Polychrome Cartonnage Mummy Ensemble - X.0123 - For Sale

Polychrome Cartonnage Mummy Ensemble - X.0123
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Origin: Egypt
Circa: 1 st Century BC to 1 st Century AD
Dimensions: 54" (137.2cm) high
Collection: Egyptian
Style: Late Ptolemaic /Early Roman Period
Medium: Cartonnage
The preservation of the physical remains of the deceased was an essential aspect of Egyptian funerary practices. As mummification techniques became more and more advanced over time, so did the cartonnage coffins become more and more elaborate. The cartonnage was manufactured by putting several layers of linen (or, much later, papyrus) on top of each other and molding it into a human form with the help of a cast. Finally, the surface of the cartonnage was painted and decorated in vibrant colors, sometimes including gilding.During the Middle Kingdom, mummy masks were made from plastered linen and became increasingly larger until they covered the entire upper body. Eventually, wooden mummy cases covering the entire body became the standard. However, by the Third Intermediate Period, the use of cartonnage to create these innermost coffins was revived, perhaps because the material lends itself to bright painting. Although cartonnage fell out of usage during the Late Period, it was again revived under the rule of the Greek Ptolemaic Kings, beginning in the reign of Ptolemy III and lasting until the earliest days of the Roman Period (3rd Century B.C.-1st Century A.D.).While linen was still employed on some mummy masks and other elements, the majority of works were made utilizing recycled waste papyri. These discarded texts included both public and private documents withdrawn from use as well as literary fragments. Because of the nature of the technique, layering pieces of papyrus over one another and then covering them with plaster, these cartonnages are one of the best sources for finely preserved papyrus scrolls. Today, these Ptolemaic era masks are highly valued by scholars for the fascinating documents they provide.This gorgeous cartonnage mummy ensemble reveals that traditional Egyptian funerary customs continued to flourish even under the rule of the Greek Ptolemies. Originally, the pieces would have been attached to the outer wrappings of a mummy. The intricate painted and gilt details are truly spectacular. The gilt face shines with the light of life, made more luminous by the tri-partite wig, painted blue, that frames it. Flanking the neck, adorning the tips of the wig, two depictions of Osiris seated surmount twin panels featuring a decorative pattern of Uraei cobras. The pectoral portion of the ensemble features a prominent winged solar disc at the top with a fantastic collar below that has been carefully painted to imitate beadwork. At the bottom, the winged sky goddess Nut has been depicted kneeling to the right, her head crowned by a solar disk. The lower apron panel has been embellished with a similar colorful beaded and floral motif, framed at the top by a winged scarab flanked by falcon heads symbolizing Horus. At the bottom, the foot case has been painted yellow, echoing the gilt flesh of the face. In a very charming gesture, the feet have been painted wearing sandals, as if the mummified body once contained within this cartonnage case was ready to walk right into the afterlife. - (X.0123)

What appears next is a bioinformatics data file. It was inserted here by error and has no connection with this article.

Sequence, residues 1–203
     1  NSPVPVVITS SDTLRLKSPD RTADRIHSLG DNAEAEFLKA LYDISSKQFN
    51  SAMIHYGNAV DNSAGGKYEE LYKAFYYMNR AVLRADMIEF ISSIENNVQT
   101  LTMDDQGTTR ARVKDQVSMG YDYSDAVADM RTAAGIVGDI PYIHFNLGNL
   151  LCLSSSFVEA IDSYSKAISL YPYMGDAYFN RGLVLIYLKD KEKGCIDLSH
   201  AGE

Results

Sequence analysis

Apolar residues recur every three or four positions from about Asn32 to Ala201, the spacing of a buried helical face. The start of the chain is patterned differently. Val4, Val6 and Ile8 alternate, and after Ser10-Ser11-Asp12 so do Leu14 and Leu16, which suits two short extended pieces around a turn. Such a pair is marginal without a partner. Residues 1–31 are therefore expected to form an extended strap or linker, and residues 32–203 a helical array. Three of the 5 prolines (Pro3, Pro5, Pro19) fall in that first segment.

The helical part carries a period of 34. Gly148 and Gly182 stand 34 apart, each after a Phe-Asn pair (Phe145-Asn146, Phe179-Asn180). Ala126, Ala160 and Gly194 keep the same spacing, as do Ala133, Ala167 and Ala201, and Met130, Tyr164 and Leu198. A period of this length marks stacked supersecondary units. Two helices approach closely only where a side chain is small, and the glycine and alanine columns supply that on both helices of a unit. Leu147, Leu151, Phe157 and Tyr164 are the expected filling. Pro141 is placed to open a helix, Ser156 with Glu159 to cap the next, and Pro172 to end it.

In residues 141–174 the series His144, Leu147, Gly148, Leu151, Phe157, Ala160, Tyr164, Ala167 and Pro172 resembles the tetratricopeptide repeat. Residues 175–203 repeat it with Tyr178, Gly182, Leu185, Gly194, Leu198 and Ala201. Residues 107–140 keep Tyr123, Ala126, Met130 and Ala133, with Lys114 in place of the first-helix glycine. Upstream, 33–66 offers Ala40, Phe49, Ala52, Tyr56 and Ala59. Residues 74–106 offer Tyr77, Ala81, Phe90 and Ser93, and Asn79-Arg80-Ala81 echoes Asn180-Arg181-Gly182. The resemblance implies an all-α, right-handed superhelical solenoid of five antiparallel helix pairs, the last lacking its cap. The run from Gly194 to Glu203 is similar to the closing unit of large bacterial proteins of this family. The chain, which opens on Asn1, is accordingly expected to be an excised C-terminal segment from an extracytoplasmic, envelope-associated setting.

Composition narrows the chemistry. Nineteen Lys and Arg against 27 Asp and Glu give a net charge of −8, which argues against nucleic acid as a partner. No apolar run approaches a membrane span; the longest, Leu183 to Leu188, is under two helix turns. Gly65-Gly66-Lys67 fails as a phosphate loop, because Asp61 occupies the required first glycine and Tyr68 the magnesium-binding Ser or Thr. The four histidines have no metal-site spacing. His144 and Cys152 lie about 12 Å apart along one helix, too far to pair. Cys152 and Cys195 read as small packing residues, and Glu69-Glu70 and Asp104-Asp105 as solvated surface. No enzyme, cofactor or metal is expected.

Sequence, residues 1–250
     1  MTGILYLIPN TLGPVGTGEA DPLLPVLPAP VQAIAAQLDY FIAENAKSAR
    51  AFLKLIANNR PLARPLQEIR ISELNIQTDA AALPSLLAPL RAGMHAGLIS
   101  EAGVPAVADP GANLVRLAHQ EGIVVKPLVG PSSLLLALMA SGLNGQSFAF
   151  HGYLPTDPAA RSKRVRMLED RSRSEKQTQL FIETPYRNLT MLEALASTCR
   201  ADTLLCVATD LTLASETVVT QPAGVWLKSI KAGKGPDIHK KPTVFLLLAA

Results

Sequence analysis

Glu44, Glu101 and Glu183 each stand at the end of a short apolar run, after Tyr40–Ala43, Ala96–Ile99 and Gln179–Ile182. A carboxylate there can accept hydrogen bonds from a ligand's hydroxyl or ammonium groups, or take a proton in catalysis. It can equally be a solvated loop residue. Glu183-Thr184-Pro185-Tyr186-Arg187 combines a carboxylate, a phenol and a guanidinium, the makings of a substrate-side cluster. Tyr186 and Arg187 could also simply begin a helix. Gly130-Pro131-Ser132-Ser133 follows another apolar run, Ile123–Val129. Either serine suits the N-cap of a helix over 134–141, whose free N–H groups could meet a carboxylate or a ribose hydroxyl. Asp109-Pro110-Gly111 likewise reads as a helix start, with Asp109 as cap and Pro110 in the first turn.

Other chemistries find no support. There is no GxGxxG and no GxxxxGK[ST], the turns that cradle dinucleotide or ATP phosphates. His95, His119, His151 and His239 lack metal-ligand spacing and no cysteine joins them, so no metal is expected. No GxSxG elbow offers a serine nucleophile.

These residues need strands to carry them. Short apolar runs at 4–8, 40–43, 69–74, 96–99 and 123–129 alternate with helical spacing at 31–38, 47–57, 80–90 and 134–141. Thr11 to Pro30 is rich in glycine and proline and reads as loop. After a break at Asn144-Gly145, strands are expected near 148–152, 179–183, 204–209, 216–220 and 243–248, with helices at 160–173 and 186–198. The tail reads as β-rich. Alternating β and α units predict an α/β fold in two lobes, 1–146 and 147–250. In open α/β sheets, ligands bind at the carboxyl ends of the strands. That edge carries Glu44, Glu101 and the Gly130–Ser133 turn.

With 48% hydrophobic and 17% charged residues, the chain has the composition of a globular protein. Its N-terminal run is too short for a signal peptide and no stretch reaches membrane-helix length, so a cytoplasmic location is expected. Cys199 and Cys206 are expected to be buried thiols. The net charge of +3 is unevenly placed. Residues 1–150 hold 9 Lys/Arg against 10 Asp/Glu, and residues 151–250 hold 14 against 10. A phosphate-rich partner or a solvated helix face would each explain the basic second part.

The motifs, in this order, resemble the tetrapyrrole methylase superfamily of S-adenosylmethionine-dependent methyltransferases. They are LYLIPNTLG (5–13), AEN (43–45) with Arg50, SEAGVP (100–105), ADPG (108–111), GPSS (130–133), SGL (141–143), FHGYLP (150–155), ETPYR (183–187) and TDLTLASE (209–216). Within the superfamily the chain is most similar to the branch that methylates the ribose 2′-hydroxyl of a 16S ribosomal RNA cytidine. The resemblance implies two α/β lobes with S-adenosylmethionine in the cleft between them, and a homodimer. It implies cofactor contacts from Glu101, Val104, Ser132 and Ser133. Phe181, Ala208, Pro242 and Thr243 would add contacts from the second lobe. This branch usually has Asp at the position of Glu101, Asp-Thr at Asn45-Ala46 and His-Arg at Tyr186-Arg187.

Ancient Egyptian
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Seller Details :
Barakat Gallery
405 North Rodeo Drive
Beverly Hills
Contact Details :
Email : barakat@barakatgallery.com
Phone : 310.859.8408

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